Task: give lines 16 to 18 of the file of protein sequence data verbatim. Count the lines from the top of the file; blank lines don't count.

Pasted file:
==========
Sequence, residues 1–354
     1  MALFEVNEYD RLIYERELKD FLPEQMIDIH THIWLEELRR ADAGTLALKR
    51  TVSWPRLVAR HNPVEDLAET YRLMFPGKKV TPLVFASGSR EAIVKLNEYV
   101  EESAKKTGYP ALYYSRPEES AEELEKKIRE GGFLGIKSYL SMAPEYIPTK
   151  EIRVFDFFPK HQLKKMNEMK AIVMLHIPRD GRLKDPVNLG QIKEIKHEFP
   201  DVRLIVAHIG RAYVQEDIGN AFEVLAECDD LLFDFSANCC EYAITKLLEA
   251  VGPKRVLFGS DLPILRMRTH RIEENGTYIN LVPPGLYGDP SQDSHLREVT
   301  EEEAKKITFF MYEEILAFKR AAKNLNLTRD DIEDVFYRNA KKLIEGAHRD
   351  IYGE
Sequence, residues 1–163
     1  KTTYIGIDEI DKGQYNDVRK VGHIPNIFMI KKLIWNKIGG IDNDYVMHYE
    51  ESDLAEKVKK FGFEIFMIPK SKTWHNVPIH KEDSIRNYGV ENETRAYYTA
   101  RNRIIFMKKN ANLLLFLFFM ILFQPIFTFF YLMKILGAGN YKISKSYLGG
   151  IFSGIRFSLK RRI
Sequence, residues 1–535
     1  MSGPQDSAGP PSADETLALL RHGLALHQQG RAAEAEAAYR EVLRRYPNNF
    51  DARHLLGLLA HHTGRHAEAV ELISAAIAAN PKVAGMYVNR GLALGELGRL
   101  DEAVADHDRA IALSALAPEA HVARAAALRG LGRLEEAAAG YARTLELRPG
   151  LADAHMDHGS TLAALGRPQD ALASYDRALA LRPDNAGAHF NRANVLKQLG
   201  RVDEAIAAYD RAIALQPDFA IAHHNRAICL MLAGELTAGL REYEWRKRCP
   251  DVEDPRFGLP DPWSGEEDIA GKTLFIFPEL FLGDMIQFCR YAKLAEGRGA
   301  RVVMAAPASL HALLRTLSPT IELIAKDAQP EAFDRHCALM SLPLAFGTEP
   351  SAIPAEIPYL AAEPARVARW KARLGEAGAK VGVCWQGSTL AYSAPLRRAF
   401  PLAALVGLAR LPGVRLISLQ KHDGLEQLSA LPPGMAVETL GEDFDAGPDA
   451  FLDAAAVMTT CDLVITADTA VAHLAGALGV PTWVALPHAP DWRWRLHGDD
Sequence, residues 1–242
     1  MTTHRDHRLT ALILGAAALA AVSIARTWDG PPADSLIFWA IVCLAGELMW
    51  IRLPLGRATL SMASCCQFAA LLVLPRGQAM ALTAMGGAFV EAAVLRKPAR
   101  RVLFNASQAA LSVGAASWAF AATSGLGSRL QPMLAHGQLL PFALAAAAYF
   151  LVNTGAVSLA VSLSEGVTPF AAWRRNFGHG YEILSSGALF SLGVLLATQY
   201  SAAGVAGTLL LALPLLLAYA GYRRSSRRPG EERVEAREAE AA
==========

     1  MSGPQDSAGP PSADETLALL RHGLALHQQG RAAEAEAAYR EVLRRYPNNF
    51  DARHLLGLLA HHTGRHAEAV ELISAAIAAN PKVAGMYVNR GLALGELGRL
   101  DEAVADHDRA IALSALAPEA HVARAAALRG LGRLEEAAAG YARTLELRPG